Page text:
A keen eye for fostering innovation in vital digitally enabled markets comes through clearly in the ACCC's draft decision – one that tells Australia's boycotting banks to go jump.
The ACCC has taken the side of Apple to deflect a try-on by Australian banks over NFC, handset access and pricing shenanigans.
It's a famous slap down by the Australian Competition and Consumer Commission of a sector conditioned to pre-program and jointly run any reform of payments practices.
Google versus Apple. Android Pay versus Apple Pay.
Those market pairings and the rivalry among these enabling technologies are the central themes of the ACCC's draft assessment, one that's critical of the Australian banking sector's improbable pantomime over a collective boycott of Apple Pay.
National Australia Bank and Westpac pushed ahead, recently, into negotiations with Apple over their entry into the American giant's ecosystem. The NAB and Westpac talks proceeded unperturbed by their alleged shared wish to take on the American hero of the mobile user experience in an antipodean prize fight.
A ludicrous scenario, but one that has already had a trial run: New Zealand was the focus of the most recent, if inconclusive, talks by NAB's BNZ and Westpac.
Talks with other interested banking counterparties continue: there's a queue at the Apple entry booth.
And the ACCC has every reason to welcome the US interloper's tantalising offer of social reform. It may dive right into informed participation around the reconfiguring – even a re-socialising – of consumer payments.
Apple, for its part, is no doubt looking to divert profits of an oligopoly banking sector. Apple may share the gains with its owners and its loyal Australian customers – but it's not interested in sharing with the Aussie banks.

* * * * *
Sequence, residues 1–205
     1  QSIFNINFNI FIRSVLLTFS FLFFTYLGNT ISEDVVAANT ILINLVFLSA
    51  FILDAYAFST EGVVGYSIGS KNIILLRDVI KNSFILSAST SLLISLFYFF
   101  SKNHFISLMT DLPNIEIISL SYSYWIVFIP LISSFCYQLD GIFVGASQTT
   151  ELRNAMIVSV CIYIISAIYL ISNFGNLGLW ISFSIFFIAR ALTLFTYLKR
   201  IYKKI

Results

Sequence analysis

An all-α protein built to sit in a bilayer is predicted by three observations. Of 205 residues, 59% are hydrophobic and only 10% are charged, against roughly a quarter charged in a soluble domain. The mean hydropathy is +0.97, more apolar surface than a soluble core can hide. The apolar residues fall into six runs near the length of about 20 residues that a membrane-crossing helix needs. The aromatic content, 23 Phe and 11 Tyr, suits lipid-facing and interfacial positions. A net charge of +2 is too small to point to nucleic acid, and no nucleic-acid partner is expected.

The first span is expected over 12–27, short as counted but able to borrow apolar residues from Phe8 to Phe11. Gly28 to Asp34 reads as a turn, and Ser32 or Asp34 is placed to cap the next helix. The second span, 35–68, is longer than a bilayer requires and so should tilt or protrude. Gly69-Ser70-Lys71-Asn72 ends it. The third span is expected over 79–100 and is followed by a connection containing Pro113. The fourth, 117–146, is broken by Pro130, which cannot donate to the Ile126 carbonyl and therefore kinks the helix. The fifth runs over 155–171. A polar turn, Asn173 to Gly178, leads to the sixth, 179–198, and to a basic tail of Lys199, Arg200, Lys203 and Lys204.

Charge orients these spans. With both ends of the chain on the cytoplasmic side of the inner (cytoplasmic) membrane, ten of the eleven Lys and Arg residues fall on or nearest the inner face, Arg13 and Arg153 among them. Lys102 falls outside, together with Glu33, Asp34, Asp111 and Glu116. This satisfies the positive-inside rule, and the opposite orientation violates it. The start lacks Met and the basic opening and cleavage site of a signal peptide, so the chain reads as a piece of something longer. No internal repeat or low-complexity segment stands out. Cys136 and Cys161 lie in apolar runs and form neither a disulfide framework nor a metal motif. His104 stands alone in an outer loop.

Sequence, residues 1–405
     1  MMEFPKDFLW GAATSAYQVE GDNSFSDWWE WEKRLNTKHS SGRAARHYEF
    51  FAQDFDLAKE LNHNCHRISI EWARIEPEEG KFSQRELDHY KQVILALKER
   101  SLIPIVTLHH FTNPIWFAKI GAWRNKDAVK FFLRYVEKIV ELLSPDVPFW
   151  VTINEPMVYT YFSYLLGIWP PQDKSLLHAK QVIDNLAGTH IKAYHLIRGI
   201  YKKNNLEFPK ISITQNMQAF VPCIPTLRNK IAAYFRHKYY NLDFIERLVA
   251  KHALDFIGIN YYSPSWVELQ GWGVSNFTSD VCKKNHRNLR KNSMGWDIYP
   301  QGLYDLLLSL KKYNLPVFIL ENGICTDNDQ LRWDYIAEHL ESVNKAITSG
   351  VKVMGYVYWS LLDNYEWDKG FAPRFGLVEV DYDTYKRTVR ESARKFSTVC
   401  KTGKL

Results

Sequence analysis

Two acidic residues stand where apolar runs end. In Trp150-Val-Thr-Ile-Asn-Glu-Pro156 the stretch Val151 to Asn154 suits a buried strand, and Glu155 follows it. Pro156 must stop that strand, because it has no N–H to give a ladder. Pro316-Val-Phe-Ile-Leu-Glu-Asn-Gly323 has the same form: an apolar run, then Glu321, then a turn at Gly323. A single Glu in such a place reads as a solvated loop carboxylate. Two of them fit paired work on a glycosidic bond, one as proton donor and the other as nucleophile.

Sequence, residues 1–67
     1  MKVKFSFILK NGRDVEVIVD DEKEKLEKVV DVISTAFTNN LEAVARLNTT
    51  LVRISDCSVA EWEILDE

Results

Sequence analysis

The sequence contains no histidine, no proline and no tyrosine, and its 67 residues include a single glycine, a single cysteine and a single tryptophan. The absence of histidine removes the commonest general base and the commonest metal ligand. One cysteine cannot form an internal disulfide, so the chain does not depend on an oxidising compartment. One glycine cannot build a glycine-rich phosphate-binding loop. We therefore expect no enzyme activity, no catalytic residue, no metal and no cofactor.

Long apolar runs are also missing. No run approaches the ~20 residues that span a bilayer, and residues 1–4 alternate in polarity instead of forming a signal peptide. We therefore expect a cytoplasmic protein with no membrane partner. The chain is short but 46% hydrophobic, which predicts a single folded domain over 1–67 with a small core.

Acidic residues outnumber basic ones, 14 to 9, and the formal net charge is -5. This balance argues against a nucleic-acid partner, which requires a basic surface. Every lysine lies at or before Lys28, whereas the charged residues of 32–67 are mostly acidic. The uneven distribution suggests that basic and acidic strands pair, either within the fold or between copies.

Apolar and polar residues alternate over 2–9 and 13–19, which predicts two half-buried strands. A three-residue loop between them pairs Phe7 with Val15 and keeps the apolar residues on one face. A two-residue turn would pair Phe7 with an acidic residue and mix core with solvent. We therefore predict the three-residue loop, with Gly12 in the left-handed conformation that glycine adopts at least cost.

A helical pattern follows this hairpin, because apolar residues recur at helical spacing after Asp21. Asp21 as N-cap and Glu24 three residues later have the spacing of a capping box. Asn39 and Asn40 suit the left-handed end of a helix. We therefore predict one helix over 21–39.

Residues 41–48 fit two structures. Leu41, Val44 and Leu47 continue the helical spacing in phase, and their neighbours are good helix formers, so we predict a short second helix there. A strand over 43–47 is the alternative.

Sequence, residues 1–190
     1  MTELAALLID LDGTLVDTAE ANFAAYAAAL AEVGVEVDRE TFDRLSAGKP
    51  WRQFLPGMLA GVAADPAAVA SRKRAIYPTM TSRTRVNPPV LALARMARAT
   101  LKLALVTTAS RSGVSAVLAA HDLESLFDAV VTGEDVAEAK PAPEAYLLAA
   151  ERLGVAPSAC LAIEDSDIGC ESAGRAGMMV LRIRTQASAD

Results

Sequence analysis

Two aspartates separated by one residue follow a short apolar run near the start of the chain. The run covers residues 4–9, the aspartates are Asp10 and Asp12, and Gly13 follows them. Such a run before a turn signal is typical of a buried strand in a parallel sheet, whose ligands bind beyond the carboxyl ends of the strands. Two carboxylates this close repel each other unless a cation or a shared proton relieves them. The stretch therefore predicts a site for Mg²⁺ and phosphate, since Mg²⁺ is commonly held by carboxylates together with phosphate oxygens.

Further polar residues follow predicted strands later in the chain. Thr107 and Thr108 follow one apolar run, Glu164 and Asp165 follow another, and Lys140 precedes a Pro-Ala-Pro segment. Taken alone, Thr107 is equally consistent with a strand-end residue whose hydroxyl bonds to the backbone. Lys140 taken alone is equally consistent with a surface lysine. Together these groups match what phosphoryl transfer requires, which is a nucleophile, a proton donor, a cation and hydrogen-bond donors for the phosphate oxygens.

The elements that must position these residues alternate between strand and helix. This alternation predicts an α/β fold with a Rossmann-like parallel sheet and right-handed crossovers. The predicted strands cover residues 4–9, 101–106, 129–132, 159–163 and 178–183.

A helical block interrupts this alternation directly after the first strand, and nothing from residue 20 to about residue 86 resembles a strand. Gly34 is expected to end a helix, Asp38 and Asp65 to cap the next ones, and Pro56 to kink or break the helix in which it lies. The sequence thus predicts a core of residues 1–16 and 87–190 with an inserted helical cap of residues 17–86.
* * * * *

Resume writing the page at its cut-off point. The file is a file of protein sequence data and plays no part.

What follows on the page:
But the Aussie banks can just cut costs, even cut profits, disrupt the disruptors and join in, if customer retention and continued access is what they really want.
The notion that Australia's largest retail banking operators will shrug their shoulders at the commercial prosperity in reach by ignoring Apple is … unbelievable.
The window for banks in Australia to see sense and play by digital's rules may not be open long, however. Apple could crash right in and take up its own limited Australian banking licence. It would be unwilling to gain a full banking licence, given the tech firm has never been near a bank, other than to deposit its cash profits. But Apple may be able to swing a conditional licence, which would allow it to clip the ticket on a range of payments made though its system, not to mention the spectre of stored value.
Even if small amounts, say $100, were allowed to be housed on millions of iPhones, it would cut a swathe through lazy bank balance sheets.
And then there's the actual fees – although it's not really about the fees. This battle is really being fought for the hearts, minds – and wallets – of the banks' customer and a treasure trove of payments information.
The irrepressible Michael Harte, towards the end of his tenure as CBA's chief information officer, believed the bank's customer payments data was more valuable than the transaction fees.
And that is where the tension lies: the fight over who owns the customer, as the loser may well be condemned to creeping but permanent irrelevance.
The applicants – our biggest banks – are not done for yet, not by a long stretch. They will be responding to the ACCC's draft determination with additional supporting arguments for authorisation, looking to convince not just the competition regulator, but a sceptical political class (and the banks' own customers) that they are the champions of true competition for digital wallets and mobile payments in Australia.